Umbrella insurance covers losses outside the parameters of your auto insurance policy. A standard auto insurance policy covers a wide range of perils, but it doesn't cover everything. A personal umbrella policy helps cover situations that might otherwise be excluded from your underlying policy. This differs from excess insurance, which only provides additional limits for covered perils already in your current policy. Umbrella policies are available for home insurance as well.
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What is an umbrella policy?
An umbrella policy is a supplemental insurance policy that provides additional liability coverage beyond what is covered in your standard car insurance policy. For example, your car may not be covered in a foreign country. With an umbrella policy, you could get liability coverage while driving overseas. An umbrella policy may extend the claim limits of your coverage as well.
In short, a basic auto insurance policy includes bodily injury liability and property damage. The dollar limits and range of coverage are set when you purchase the policy. If a situation occurs outside the range of your insurance policy's coverage, you would be responsible for the resulting costs out of pocket. A personal umbrella policy could cover the situation, as well as possibly provide higher limits.
Umbrella policy vs. excess liability
Umbrella policy coverage and excess liability coverage seem very similar, but there are significant differences. An umbrella policy can cover perils beyond the scope and limits of your underlying policy, while excess liability extends the limits of your underlying policy. To put it another way, an umbrella policy can add more coverage points and higher limits. An excess liability policy just adds higher limits.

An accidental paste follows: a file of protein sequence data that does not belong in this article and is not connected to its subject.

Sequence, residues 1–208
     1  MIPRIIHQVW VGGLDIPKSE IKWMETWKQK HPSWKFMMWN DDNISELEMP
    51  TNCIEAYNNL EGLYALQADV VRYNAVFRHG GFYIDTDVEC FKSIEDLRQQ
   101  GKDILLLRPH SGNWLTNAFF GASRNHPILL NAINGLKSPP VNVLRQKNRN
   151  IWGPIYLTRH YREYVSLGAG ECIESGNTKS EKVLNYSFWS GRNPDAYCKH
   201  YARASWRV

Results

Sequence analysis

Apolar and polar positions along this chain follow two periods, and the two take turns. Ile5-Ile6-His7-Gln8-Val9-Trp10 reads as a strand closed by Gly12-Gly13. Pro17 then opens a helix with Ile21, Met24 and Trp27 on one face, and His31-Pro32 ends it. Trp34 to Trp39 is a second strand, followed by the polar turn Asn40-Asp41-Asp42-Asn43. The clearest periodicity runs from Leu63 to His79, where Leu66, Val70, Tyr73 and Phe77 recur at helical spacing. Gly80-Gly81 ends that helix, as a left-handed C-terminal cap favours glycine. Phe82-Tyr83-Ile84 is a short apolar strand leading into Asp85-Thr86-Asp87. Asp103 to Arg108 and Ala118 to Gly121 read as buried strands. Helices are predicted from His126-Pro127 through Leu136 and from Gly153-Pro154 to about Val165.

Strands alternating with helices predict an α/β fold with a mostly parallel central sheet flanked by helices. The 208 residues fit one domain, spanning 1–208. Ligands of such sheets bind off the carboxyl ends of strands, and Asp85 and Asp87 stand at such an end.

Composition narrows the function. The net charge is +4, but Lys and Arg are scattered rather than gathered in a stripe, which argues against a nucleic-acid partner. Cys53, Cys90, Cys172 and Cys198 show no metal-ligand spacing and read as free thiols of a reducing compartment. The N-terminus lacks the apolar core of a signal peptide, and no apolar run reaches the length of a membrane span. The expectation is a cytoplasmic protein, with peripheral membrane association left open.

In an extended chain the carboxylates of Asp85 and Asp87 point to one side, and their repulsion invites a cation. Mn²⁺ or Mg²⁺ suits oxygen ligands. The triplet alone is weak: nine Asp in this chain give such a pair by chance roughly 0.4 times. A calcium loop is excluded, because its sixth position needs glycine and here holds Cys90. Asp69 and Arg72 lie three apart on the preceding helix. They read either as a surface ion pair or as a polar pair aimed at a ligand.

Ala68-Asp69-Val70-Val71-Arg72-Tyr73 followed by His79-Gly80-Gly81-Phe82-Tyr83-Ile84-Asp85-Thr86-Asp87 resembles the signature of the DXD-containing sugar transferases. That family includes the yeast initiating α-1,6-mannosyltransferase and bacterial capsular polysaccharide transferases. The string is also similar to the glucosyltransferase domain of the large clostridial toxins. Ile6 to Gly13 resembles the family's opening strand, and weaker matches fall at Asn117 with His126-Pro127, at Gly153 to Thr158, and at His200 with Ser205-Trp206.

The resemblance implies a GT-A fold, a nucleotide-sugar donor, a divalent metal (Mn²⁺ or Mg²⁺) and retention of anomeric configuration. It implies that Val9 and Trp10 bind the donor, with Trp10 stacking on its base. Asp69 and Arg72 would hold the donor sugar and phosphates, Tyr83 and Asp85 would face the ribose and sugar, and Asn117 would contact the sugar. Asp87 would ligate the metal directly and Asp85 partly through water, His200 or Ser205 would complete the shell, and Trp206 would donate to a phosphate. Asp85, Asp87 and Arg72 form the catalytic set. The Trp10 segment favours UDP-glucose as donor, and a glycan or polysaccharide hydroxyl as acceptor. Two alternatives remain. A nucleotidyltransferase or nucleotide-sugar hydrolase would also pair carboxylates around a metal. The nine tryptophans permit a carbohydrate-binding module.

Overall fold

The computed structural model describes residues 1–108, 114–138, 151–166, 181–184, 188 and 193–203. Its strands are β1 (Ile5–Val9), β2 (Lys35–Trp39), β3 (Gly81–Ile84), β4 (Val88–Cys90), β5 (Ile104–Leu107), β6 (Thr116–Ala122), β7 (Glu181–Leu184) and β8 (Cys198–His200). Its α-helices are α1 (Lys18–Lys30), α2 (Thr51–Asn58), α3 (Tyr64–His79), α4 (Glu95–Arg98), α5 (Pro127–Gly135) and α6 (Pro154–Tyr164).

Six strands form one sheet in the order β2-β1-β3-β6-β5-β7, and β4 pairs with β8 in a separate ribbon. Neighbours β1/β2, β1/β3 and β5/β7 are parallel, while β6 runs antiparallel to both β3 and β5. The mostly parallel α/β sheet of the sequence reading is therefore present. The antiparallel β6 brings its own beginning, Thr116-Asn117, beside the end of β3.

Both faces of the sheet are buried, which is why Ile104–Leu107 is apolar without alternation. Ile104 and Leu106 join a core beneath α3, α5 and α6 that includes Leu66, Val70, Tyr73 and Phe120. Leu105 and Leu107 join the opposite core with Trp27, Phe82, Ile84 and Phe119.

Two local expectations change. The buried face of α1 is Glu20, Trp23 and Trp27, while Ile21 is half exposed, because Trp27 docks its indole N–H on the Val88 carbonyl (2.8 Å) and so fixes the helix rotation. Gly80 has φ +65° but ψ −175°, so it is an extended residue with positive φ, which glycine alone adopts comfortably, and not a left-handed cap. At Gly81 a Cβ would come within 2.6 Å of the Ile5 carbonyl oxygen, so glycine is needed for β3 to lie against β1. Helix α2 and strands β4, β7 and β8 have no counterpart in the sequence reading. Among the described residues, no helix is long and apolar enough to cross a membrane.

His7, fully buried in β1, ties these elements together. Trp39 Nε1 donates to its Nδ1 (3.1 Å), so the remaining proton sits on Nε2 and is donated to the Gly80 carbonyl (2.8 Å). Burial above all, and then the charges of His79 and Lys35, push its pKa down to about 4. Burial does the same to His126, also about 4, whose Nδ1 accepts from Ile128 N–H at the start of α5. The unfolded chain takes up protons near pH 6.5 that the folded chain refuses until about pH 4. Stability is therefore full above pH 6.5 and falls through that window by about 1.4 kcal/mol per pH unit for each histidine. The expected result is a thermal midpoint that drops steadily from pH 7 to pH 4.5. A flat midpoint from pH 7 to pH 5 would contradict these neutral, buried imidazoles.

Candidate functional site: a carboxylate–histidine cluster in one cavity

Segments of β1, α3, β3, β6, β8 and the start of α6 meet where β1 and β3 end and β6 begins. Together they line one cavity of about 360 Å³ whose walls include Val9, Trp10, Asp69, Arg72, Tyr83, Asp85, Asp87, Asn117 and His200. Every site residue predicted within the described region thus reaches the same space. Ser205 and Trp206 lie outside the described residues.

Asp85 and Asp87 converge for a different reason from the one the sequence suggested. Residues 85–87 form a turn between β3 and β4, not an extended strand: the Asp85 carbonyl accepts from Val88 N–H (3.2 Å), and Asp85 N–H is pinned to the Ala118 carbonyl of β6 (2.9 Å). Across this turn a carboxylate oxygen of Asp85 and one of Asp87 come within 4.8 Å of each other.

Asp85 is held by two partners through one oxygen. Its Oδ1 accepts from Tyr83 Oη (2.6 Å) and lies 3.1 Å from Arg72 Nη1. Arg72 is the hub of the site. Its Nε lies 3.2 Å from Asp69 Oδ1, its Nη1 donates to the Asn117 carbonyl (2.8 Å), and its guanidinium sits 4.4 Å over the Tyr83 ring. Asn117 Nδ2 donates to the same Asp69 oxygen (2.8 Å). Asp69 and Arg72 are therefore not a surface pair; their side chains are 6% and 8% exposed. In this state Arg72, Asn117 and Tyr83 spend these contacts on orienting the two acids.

What umbrella insurance covers
Umbrella insurance typically covers:
- Slander and libel
- False arrest, detention or imprisonment
- Injury to others
- Property damage to others
- Invasion of privacy
A standard auto insurance policy may cover some of these perils, but not necessarily. An umbrella policy can help fill in the coverage gaps, as well as provide higher limits. Umbrella insurance can be an excellent value, as collision and comprehensive car insurance do not usually cover the above perils either.
Umbrella insurance exclusions
Perils often excluded from an umbrella policy are:
- Unintentional injury or damage to yourself or your property
- Business losses
- Intentional or criminal acts
- Damage or injury caused by specific vehicles, such as jet skis
An umbrella policy is a completely separate policy from your standard car insurance policy. You can even buy an umbrella policy from a different provider than the one that sold you your underlying car insurance policy, although many insurers want you to carry your underlying policy with them as well. This makes it important to be clear in your understanding of the coverage, exclusions and limits of an umbrella policy before you buy one.
Do I need an umbrella insurance policy?
If you have extensive wealth or holdings, an umbrella policy may be an excellent solution to get coverage beyond the limits of your standard car insurance. Umbrella insurance should also be considered if you're at a higher risk of being sued or own high-risk items such as a pool or certain dog breeds.
A $1 million umbrella insurance policy offers plenty of coverage in most cases. However, you may need more. When figuring out how much umbrella insurance you need, consider the risks you face and the value of your assets.
Most auto insurance policies set the upper limit for liability coverage at $500,000. If your assets and holdings are higher than that, you should consider investing in an umbrella policy.
How much does an umbrella policy cost?
Umbrella policies can start as low as around $150 a year for the first $1 million worth of coverage. Higher limits are not that much more expensive, given the amount of coverage an umbrella policy provides.
How to get umbrella insurance
Many of the major insurance companies offer umbrella policies. Some recommended providers include:
Note that USAA only provides car insurance for current and veteran military members, but you still have plenty of other options if you're a civilian.
You'll want to figure out what the value of your assets and holdings are before you buy an umbrella insurance policy, as well as what kind of risks you face in regard to being sued. Keep in mind that some insurance providers may want you to have certain liability limits already before selling you an umbrella policy. Make sure to compare quotes from multiple companies to find your best coverage at the best price.
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